Recently, I wrote about how it was hard to conjure a lot of deep emotion for the victims of the Orlando attack, or really any other mass tragedy. Who could have guessed that circumstances would arise so soon that presented the other side of the coin so tragically?
Also in Orlando, a two-year-old little boy was pulled into the water by an alligator. He was just playing in the lagoon at a Disney resort. The happiest place on earth. Who would have thought what danger awaited him? One moment he was playing, the next his father was trying desperately to wrench him from the beast’s jaws, to no avail. Little Lane Graves died tragically.
I heard the story in detail on a news podcast on my commute to work one day. And I cried.
A few days later, I was scrolling through my Instagram feed when I saw some posts from the Star Trek Instagram asking followers’ thoughts and prayers to be with the family and friends of Anton Yelchin, the young actor who plays Pavel Chekov in the new movies. Curious, I googled for more information, and found he had died just that morning. How? His friends found him pinned between his car and his brick mailbox. They say he left the car running in the driveway, got out, and the car rolled back and trapped him. He wasn’t much older than me.
I read the story in news articles online and I cried. My heart remained heavy throughout the day.
These are terrible tragedies. It’s hard to imagine many worse, more unexpected horrors. But only two people died. In the shooting at the Orlando nightclub, fifty did. Why does my heart ache more for one toddler and one actor than fifty humans?
It’s like I said. Fifty is too many. It’s a mass of unnamed humanity. Lane Graves has a face. I’ve seen it in pictures, his precious baby smile as he was cuddled in his mother’s arms. He has a father who fought to drag him from danger and failed. Anton Yelchin has a face. Millions have seen it up on a screen and felt they knew him.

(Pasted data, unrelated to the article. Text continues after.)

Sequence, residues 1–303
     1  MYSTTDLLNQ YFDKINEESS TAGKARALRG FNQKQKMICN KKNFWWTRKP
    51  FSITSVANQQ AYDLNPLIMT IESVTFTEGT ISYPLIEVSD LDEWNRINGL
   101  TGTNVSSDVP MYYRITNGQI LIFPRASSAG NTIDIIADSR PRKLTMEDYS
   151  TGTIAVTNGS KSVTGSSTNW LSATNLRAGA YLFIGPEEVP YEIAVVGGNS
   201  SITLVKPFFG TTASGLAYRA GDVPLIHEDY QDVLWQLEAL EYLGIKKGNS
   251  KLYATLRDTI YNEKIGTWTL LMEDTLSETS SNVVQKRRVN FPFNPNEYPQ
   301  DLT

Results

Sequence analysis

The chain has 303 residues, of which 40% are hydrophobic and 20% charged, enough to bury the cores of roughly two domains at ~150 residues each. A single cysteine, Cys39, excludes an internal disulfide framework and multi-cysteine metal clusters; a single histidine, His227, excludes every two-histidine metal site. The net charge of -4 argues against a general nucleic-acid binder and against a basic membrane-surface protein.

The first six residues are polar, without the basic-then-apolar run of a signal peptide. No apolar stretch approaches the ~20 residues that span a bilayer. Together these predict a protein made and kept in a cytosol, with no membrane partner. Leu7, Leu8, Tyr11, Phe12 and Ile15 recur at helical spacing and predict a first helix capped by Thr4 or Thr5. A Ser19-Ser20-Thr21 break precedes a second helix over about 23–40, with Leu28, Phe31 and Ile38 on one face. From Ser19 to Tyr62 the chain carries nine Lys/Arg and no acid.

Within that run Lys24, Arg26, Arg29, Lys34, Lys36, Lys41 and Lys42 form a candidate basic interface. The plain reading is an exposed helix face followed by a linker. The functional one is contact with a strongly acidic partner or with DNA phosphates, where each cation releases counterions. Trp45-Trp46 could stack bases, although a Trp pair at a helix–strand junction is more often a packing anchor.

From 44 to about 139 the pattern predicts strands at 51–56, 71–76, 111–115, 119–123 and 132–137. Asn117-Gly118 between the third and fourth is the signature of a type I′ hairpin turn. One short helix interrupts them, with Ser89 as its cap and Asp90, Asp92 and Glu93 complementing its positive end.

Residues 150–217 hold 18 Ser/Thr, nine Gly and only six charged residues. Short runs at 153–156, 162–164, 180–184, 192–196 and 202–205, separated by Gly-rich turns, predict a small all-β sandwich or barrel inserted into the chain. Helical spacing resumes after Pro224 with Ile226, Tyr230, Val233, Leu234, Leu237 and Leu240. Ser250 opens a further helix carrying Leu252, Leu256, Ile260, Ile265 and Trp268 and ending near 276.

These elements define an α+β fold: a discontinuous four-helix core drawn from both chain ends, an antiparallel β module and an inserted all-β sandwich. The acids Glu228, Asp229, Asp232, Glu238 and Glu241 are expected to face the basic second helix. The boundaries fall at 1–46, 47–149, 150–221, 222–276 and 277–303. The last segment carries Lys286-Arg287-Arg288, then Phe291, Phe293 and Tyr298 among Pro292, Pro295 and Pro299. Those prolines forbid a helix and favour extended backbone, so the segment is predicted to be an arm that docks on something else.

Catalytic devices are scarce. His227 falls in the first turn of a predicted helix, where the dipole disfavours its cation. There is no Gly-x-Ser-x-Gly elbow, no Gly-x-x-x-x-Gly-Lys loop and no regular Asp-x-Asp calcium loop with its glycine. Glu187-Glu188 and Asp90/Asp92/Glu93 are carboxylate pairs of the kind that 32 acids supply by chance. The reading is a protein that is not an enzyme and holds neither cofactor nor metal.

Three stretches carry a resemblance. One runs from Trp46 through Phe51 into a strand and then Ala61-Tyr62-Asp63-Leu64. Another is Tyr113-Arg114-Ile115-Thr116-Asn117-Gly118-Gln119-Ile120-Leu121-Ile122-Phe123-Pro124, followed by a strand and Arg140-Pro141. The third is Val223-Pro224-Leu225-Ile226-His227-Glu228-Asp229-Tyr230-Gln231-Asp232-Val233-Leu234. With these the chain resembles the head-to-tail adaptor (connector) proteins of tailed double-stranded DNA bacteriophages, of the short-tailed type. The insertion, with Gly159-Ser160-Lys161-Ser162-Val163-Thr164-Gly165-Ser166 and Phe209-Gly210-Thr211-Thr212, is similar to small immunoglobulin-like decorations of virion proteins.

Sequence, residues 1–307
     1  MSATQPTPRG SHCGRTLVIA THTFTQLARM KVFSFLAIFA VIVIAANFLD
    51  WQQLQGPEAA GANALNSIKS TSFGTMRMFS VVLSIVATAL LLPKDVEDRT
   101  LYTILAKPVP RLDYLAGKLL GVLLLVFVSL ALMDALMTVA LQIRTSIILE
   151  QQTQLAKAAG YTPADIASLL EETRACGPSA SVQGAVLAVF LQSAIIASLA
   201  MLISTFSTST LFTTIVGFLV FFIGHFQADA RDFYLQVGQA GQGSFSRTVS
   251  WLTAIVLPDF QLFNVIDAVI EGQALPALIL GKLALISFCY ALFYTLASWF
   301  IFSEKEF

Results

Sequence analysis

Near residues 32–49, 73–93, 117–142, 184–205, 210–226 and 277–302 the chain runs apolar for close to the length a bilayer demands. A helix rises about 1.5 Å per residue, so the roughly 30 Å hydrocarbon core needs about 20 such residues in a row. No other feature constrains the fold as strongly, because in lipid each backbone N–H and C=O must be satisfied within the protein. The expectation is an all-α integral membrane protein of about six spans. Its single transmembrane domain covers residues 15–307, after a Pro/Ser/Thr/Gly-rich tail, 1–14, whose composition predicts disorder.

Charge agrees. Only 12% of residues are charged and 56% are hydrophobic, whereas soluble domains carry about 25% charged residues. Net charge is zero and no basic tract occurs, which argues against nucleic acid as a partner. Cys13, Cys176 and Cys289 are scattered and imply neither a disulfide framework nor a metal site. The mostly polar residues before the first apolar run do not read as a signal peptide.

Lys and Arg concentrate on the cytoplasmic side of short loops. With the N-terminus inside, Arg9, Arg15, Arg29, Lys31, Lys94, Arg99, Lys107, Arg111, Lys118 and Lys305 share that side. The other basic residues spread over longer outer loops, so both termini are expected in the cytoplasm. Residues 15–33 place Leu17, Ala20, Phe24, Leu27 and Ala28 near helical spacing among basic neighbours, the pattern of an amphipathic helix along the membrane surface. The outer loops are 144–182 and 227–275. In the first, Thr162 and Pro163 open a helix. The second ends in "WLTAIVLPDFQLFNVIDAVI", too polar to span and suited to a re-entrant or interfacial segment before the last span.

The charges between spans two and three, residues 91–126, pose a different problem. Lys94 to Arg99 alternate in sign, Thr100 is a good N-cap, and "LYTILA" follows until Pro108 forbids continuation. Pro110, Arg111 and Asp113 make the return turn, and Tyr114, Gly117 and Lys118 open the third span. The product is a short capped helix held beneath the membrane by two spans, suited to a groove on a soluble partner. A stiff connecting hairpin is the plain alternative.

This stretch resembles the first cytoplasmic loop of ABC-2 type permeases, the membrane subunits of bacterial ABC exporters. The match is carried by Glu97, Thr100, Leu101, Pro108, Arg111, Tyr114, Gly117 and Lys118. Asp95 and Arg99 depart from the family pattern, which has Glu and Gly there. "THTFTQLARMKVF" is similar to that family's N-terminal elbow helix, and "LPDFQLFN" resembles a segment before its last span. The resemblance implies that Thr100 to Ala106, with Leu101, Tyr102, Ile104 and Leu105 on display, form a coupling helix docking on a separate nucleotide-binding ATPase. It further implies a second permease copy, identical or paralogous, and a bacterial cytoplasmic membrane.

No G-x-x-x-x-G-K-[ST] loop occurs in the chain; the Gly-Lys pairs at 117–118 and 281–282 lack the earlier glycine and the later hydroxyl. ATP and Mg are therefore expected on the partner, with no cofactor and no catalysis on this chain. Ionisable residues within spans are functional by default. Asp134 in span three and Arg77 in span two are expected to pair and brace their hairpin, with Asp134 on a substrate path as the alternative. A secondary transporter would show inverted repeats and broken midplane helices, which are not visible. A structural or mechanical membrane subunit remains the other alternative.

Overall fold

I wish I could look into the eyes of every victim of the mass shooting, to learn their name, their loves, even their favorite food. But if I could, my heart would break with pain. I’m finite. My love has limits. It’s like there are dozens of concentric circles–I care for all the people of the world in theory, I care for the people of my country by association, I care for the people of my city through shared culture, I care for the people that I know by allowing the barest details of their lives to enter into mine, I care for my friends more closely, my family more closely still, and those closest to my heart I love intimately. Because in truth, we cannot love what we do not know. The more we know, the better we can love.
I may not know the faces, names, joys, sorrows, pasts, loves, and pain of each and every person killed by the shooter in Orlando, but there is Someone who knit each of them together in the womb, who knows their every heartbeat. My sorrow over Lane Graves and Anton Yelchin may fade as I forget their faces in the sea of others, but He counts the hairs of their heads and His thoughts towards them are without number. And even those closest to me, boyfriend, family, dearest friends, times come when there are things I cannot know, and therefore things I cannot love even if I was purely selfless.
But to Him, every heart is an open book, one that He never stops reading.
To Him, we all have faces.